John Adams was sitting on a bench in Battery Park in New York City, lunching on a liverwurst sandwich, when he noticed lumps of raw sewage floating by on the Hudson River. The year was 1969, a momentous one in the history of American environmentalism. A massive offshore oil spill had recently blackened the beaches of Santa Barbara, California, and poisoned the area's marine life. On the Cuyahoga River in Ohio, an oil slick caught fire, sending flames five stories high. Citizens across the country were outraged by the reckless industrial pollution that went on unmonitored and unpunished, and politicians responded with new proposals to safeguard the air, water, and wildlife.
As Adams watched the waste soil the heart of the country’s largest city, he came to a realization: Laws to combat pollution would be a powerful tool. What the world needed now were lawyers to enforce them. That spark gave birth, about a year later, to the Natural Resources Defense Council—the first national environmental advocacy group to focus on bringing change through the courts. Inspired by the work of organizations like the NAACP and the ACLU, Adams, a former federal prosecutor and Wall Street attorney, enlisted like-minded lawyers from academia, public policy, and business to create a new field of public interest law dedicated exclusively to the benefit and protection of the natural world.
As NRDC’s first executive director and, later, its president, Adams supported his colleagues’ work to pass the Clean Water Act, phase out the use of lead in gasoline, curb acid rain emissions from coal-burning power plants, and protect the breeding grounds of gray whales near Baja California from industrial development. Fueled by a love of nature dating back to his childhood on a small farm in upstate New York, Adams spearheaded the crucial campaign to win the classification of greenhouse gases as pollutants under the Clean Air Act in 2007, a victory with far-reaching consequences as the world confronts climate change. These efforts haven’t gone ignored. In announcing his selection for the 2010 Presidential Medal of Freedom, the nation’s highest civilian honor, President Barack Obama cited Adams’s role at NRDC—which now has a staff of more than 500 lawyers and scientists as well as millions of members—as “unparalleled by the leader of any other environmental organization.”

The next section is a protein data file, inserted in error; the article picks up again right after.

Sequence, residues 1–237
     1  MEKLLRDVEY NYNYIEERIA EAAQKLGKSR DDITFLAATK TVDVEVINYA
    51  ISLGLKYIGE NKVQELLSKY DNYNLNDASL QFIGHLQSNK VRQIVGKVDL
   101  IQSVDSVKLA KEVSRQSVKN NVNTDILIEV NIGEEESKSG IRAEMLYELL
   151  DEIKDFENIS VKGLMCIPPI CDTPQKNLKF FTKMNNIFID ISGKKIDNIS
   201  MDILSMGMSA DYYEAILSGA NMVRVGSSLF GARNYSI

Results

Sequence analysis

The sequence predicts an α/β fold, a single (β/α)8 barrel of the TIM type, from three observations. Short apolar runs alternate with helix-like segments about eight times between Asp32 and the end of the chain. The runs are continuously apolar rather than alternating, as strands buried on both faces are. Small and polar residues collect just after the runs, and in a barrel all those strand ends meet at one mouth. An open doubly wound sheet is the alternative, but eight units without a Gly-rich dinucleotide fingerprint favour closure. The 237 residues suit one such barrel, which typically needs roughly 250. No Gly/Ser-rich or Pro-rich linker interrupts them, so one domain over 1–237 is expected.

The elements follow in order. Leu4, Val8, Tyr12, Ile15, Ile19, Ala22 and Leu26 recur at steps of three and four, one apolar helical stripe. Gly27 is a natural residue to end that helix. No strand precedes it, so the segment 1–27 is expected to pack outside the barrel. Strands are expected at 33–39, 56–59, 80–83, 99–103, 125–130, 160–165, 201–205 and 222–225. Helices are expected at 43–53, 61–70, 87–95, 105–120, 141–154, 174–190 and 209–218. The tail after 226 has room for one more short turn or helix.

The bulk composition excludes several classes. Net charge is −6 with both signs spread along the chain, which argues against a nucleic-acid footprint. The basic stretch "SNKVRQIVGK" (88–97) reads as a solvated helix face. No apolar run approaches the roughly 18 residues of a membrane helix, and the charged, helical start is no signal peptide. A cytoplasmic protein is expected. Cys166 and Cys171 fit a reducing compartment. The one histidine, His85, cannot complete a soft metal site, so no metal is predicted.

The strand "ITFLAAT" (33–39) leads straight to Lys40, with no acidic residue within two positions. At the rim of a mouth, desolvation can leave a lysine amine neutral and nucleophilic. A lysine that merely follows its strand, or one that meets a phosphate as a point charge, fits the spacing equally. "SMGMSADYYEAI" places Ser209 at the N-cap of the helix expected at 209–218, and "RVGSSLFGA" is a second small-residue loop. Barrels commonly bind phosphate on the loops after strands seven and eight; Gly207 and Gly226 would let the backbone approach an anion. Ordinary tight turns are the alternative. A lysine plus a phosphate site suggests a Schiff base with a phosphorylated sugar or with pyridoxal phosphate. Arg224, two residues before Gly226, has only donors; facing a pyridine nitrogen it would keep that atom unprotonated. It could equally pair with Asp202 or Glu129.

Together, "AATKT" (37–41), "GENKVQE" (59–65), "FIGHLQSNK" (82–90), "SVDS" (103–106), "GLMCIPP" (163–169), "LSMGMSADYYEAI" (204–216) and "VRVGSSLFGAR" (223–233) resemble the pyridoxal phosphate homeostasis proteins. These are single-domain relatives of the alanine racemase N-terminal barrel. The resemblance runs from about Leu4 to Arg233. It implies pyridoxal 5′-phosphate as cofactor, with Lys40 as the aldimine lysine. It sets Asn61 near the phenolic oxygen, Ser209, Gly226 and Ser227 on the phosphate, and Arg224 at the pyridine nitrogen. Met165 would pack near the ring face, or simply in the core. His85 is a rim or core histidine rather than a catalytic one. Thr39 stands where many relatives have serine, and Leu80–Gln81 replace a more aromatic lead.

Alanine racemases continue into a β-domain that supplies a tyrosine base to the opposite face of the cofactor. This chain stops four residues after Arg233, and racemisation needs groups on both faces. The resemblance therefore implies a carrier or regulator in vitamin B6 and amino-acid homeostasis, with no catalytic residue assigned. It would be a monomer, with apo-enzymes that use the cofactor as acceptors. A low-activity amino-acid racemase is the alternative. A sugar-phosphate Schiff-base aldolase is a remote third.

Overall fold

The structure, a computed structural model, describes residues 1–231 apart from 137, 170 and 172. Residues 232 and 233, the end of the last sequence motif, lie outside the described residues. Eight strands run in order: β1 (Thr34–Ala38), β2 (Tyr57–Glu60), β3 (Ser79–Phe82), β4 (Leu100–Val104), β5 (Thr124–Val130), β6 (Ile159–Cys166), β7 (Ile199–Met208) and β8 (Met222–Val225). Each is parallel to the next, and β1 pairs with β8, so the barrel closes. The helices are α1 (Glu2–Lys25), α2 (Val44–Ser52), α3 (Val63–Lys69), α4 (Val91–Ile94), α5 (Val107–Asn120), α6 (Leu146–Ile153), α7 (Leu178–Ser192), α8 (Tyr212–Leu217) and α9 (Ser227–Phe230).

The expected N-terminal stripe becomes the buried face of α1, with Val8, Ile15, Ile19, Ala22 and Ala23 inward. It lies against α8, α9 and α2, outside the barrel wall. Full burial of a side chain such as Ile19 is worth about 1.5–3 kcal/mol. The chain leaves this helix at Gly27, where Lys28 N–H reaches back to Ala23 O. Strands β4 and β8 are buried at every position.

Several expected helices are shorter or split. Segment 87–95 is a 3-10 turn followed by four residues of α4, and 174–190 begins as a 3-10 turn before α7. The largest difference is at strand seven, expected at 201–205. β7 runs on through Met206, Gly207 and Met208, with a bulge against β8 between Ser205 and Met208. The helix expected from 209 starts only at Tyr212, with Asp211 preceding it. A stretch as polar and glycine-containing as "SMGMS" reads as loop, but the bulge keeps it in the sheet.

Such accomplishments don’t come without a fight. From its early strategy sessions in the 1970s at the old farmhouse in the Catskill Mountains where John and his wife, Patricia, spent weekends to the opening of the organization’s seventh regional office in Beijing in 2006, NRDC often found itself on the offensive. Adams, a former member of the U.S. attorney’s strike force on organized crime and racketeering, cut his teeth as an environmental litigator by suing one of the nation’s largest utility companies to defeat a plan to carve out the interior of New York’s scenic Storm King Mountain to create a hydroelectric pumping station. During the Nixon administration, the IRS unsuccessfully challenged the organization’s ability to litigate in court while retaining its nonprofit status. NRDC went on to prevail in major battles to ban asbestos, win federal protection for 100 million acres of Alaska wilderness, and impose energy-efficiency standards for household appliances.
Describing Adams’s strategic vision as “infinitely pragmatic,” actor and NRDC board member Robert Redford wrote in the introduction of John and Patricia Adams’s memoir, A Force of Nature, “The message was, work with us to design solutions and we’ll do what we can to find common ground; oppose us and we will see you in court—and more often than not we will win.”
In 2006, after more than 35 years on the front lines of environmental advocacy, Adams stepped down from the leadership position of the pioneering organization he was instrumental in creating. But as founding director, he remains involved in NRDC’s key battles, especially our global fight to mitigate climate change. Today, litigation is just one of the many ways NRDC faces down challenges posed by pollution and threats to our natural resources. But one man’s eureka moment on a park bench in 1969 remains an inspiration. As a writer for Rolling Stone once put it, “If the planet has a lawyer, it's John Adams.”
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